Singapore Dividend Collector
Evening all. I trust you are well. I just realized that it’s been ages since I wrote My Story 4 which tells the story of an inexplicable guy referred to only as ‘Mr X’. Today’s post includes an amazing fragment of my entire life. It’s an endearing glimpse into my early twenties when life place coiled upwards before me as an unlimited spiral staircase. An encounter is involved because of it with a guy called Manuel, a Portuguese pickup truck driver. My attitude pulsated with the decision of adventure no destination was off limits.
In reality, I didn’t care and attention where I journeyed to as long as I was on the move and never too far from a container of booze and someone to share it with. The entire year was 2004 and I used to be fresh out of college or university. Looking back I lacked the maturity needed for regular employment and instead saw myself as some sort of beatnik/hippie/punk rebel, roaming the streets looking for whatever action I could find. A paperback duplicate of Albert Camus’ The Stranger or Jack Kerouac’s The Dharma Bums pooped from the back pocket of my jeans. Please, note by 12 I needed never opened an investment book.
- The description of the transaction
- Deutsche Bank or investment company (DB FX)
- 8 years back from North Carolina
- Sharing of costs and risks with partners
It was like I had developed placed some kind of unconscious restraining order on books linked to money. In bookshops I relocated towards classics and politics sections quickly, bypassing self-improvement and investing as though they were leprous. My hair was long, curly, unkempt and a Drum Halfzware Shag cigarette hung perpetually from the side of my mouth. In short, I used to be young, carefree, impulsive, and ready to have fun wherever and whenever.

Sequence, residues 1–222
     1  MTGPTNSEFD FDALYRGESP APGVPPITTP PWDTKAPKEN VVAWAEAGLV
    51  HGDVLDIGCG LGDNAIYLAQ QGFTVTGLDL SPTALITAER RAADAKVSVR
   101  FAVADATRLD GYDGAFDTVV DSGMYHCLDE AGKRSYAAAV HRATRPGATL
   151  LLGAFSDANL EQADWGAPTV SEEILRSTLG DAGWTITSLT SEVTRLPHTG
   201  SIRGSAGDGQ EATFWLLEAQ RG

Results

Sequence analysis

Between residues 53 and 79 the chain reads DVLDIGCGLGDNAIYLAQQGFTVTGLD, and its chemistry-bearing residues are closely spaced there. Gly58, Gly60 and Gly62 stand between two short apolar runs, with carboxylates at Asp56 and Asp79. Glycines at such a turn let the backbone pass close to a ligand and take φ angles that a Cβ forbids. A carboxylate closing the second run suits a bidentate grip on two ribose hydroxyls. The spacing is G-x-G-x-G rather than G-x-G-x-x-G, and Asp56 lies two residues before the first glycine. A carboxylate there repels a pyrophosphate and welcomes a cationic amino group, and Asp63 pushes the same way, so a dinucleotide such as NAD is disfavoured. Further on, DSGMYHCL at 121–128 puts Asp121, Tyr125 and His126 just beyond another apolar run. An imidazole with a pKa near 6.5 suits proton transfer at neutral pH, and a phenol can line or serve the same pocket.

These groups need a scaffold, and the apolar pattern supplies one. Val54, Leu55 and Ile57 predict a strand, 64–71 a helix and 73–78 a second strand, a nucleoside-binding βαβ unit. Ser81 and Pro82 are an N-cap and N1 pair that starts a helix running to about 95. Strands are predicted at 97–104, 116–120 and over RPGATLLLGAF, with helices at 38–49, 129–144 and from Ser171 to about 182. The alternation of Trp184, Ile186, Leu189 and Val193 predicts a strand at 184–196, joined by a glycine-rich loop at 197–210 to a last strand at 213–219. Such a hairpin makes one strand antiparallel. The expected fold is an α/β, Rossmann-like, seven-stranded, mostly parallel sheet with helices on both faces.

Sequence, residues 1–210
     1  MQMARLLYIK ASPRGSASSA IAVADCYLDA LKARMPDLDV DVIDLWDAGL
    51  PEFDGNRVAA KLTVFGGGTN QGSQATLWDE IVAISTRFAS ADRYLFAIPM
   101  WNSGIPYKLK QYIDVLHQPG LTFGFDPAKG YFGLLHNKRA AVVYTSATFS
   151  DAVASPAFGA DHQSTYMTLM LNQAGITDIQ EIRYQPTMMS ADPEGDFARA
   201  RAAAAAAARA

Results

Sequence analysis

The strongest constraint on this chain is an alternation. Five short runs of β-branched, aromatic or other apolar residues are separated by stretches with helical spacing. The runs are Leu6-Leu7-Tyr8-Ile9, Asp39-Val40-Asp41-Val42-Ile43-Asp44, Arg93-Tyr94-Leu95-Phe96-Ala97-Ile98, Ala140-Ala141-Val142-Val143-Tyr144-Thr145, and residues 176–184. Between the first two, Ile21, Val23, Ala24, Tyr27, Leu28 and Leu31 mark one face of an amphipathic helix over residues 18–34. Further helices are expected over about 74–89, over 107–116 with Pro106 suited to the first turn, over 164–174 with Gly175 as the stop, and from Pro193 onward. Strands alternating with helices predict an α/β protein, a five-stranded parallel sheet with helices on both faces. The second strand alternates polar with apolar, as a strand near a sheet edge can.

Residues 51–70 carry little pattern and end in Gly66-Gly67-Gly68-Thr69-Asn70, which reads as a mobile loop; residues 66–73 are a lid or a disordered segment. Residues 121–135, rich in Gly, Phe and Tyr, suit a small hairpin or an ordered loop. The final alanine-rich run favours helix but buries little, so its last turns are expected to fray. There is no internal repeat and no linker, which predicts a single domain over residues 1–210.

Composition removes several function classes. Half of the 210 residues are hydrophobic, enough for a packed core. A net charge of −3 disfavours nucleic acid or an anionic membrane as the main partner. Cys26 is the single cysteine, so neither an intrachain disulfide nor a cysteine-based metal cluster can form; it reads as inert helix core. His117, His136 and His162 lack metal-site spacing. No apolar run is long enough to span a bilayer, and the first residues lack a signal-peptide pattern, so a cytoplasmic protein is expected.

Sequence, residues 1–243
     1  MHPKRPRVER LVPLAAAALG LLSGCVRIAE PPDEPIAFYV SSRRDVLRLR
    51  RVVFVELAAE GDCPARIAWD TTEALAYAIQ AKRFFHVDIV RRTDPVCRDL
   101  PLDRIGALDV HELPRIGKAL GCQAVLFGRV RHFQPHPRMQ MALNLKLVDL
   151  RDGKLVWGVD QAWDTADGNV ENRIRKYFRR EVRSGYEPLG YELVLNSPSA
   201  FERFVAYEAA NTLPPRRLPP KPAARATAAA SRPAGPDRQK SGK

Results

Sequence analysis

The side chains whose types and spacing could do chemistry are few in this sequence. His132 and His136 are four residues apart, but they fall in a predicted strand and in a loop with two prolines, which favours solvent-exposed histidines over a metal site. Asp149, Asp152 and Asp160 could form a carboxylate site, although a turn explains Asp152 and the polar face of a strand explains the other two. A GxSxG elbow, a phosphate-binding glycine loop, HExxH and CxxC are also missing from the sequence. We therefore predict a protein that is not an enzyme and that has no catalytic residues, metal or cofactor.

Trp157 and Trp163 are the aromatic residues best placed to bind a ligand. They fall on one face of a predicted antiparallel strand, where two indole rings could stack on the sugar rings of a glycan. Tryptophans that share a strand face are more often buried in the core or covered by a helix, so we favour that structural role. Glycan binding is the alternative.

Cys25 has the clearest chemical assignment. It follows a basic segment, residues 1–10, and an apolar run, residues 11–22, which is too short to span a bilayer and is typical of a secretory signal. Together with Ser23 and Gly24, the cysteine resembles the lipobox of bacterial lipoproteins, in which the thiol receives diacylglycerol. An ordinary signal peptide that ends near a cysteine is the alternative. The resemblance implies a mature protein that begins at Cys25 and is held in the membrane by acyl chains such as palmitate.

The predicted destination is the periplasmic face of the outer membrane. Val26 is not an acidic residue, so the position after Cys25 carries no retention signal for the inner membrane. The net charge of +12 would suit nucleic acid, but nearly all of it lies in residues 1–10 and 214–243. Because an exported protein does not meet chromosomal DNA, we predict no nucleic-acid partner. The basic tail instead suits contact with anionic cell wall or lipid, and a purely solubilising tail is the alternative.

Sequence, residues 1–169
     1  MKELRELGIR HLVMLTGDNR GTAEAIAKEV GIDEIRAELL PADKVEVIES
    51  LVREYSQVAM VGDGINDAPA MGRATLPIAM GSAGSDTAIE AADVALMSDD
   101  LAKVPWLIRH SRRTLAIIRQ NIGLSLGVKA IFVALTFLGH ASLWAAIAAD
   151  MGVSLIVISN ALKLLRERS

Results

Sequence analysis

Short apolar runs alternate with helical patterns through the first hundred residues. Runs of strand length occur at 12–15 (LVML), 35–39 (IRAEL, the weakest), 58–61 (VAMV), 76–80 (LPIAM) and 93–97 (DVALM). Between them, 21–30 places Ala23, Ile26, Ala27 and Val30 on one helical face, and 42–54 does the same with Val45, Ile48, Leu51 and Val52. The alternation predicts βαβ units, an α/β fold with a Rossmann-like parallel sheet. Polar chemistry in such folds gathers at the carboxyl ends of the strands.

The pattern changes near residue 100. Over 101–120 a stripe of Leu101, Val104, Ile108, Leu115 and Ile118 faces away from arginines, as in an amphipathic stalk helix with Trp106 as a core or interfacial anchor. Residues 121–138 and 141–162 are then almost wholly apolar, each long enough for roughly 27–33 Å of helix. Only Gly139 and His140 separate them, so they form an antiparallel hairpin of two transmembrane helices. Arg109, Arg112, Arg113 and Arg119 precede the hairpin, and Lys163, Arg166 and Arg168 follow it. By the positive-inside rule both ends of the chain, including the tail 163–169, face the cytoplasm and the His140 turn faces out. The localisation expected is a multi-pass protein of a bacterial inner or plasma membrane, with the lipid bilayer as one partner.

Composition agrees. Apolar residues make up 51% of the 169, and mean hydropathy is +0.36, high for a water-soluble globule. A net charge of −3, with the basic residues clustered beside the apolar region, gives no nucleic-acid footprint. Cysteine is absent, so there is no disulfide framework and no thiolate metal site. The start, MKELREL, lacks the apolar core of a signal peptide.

The big bad world of stocks and shares, bonds, saving, valuable metals and ETFs were as alien if you ask me as dark variety act would be a far right demonstration. Inspired by Kerouac’s book On the highway, two friends and I went on a trip of discovery to Poland. The program was to meet in Amsterdam and then hitch our way east to Krakow.
None of us knew a great deal about Poland or the encompassing area, but it didn’t matter. What did matter was we would be jointly on the highway, slumming it, living it. It might be a memory to consider with us into the future, a snapshot with time. In some faraway future, we would meet in a sleepy pub perched on the rock overlooking the Atlantic Ocean.
What do transpire on that epic trip would take 100,000 words to remember, and I for one know that the common attention span of the blogger is significantly less than this. Thus, in the soul of conciseness, I’ll boil it down somewhat. 1. I journeyed to Amsterdam, by itself, week on the couch in a club and stayed for just one. 2. My two friends came and we partied liked crazed warlocks for a few days.
All matter is only energy condensed to a slow vibration. That people are one awareness experiencing itself subjectively. As I said earlier, our concentrate was left-field at this time somewhat. Chat often took a philosophical turn. 4. We hitched a good start with a Transit truck full of Moroccan builders to the advantage of the Amsterdam. 5. We got picked up by an extravagant sportscar. While traveling, it transpired the driver was the editor of the Dutch Mixmag music newspaper.
He dumped us out out in the middle of nowhere and we slept in a forest. 6. A pickup truck was found by us stop and sought out a Polish pickup truck. 7. We found what we should though be a Polish truck (it has a ‘P’ sticker on the trunk), but it transpired ‘PL’ is in fact for Poland and ‘P’ is Portugal. 8. We made a decision to scrap Poland and go to Portugal instead. 9. The drivers of the pickup truck, Manuel, got us on-board his eighteen wheeler.
We spent the next 2 months on the road with Manuel, cooking food at the relative aspect of the street, get together cool truckers at truck stops, sleeping in the trailer with concrete piles and taking in heroic amounts of cheap red plonk. Now, here’s the offer. While we motored down the winding streets of the French countryside delivering concrete blocks to building sites, Manuel spoke incessantly about the need to save and make investments. Obviously, we hadn’t a clue what he was discussing and was more thinking about drinking and talking nonsense.